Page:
Spring 2015

Workshops: On Method

On Method: On Philology

  • Nadia Altschul, Assistant Professor of Spanish, Johns Hopkins University

Philology and the reconstruction of texts has been a main humanistic method since the purported end of the middle ages. Today’s exchange will delve into the history of philology and its basic methodological assumptions, bringing to the fore some of its colonial underpinnings, and asking digital humanists, as part of the conversation, about connections between DH and this core method in humanities research. >>

Workshops: On Method

On Method: The Longue Durée of Empiricism in the Humanities: Patterns versus Interpretations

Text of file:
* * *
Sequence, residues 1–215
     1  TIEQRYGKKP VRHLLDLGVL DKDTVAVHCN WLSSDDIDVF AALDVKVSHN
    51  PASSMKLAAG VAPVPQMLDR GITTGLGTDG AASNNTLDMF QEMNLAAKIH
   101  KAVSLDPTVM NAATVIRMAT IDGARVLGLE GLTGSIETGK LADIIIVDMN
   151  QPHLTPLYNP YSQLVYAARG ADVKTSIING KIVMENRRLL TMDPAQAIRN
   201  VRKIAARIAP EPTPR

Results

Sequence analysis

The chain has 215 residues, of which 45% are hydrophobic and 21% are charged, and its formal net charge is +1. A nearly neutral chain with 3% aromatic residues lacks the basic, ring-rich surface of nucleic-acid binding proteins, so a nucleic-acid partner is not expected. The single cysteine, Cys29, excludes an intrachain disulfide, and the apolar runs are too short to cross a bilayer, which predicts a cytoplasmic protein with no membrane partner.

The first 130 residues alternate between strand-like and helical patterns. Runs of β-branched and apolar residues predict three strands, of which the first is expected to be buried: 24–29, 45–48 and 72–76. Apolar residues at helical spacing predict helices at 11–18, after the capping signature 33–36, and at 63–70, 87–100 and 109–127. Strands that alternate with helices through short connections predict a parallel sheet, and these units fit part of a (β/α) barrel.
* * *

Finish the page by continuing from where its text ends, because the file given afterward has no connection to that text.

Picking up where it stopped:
• Rens Bod, Professor of Digital Humanities, University of Amsterdam

How empirical are the humanities? For over a century, empiricism has almost exclusively been attributed to the sciences. The sciences search for patterns and laws, while the humanities aim at understanding unique events. The sciences try to explain the world, while the humanities aim at interpreting it. >>

Workshops: On Method

On Method: What Was “Close Reading”?

  • Barbara Herrnstein Smith, Braxton Craven Professor of Comparative Literature and English Emerita, Duke University

Since the 1940s, invocations of "close reading" (however understood) have figured centrally in controversies over new methodological developments in literary studies: e.g., the New Criticism, structuralism, New Historicism, deconstruction, ideology critique, and, notably now, the Digital Humanities. The talk recalls some of those controversies and considers how the idea or ideal of "close reading" operates in current debates about-- and within-- the Digital Humanities. >>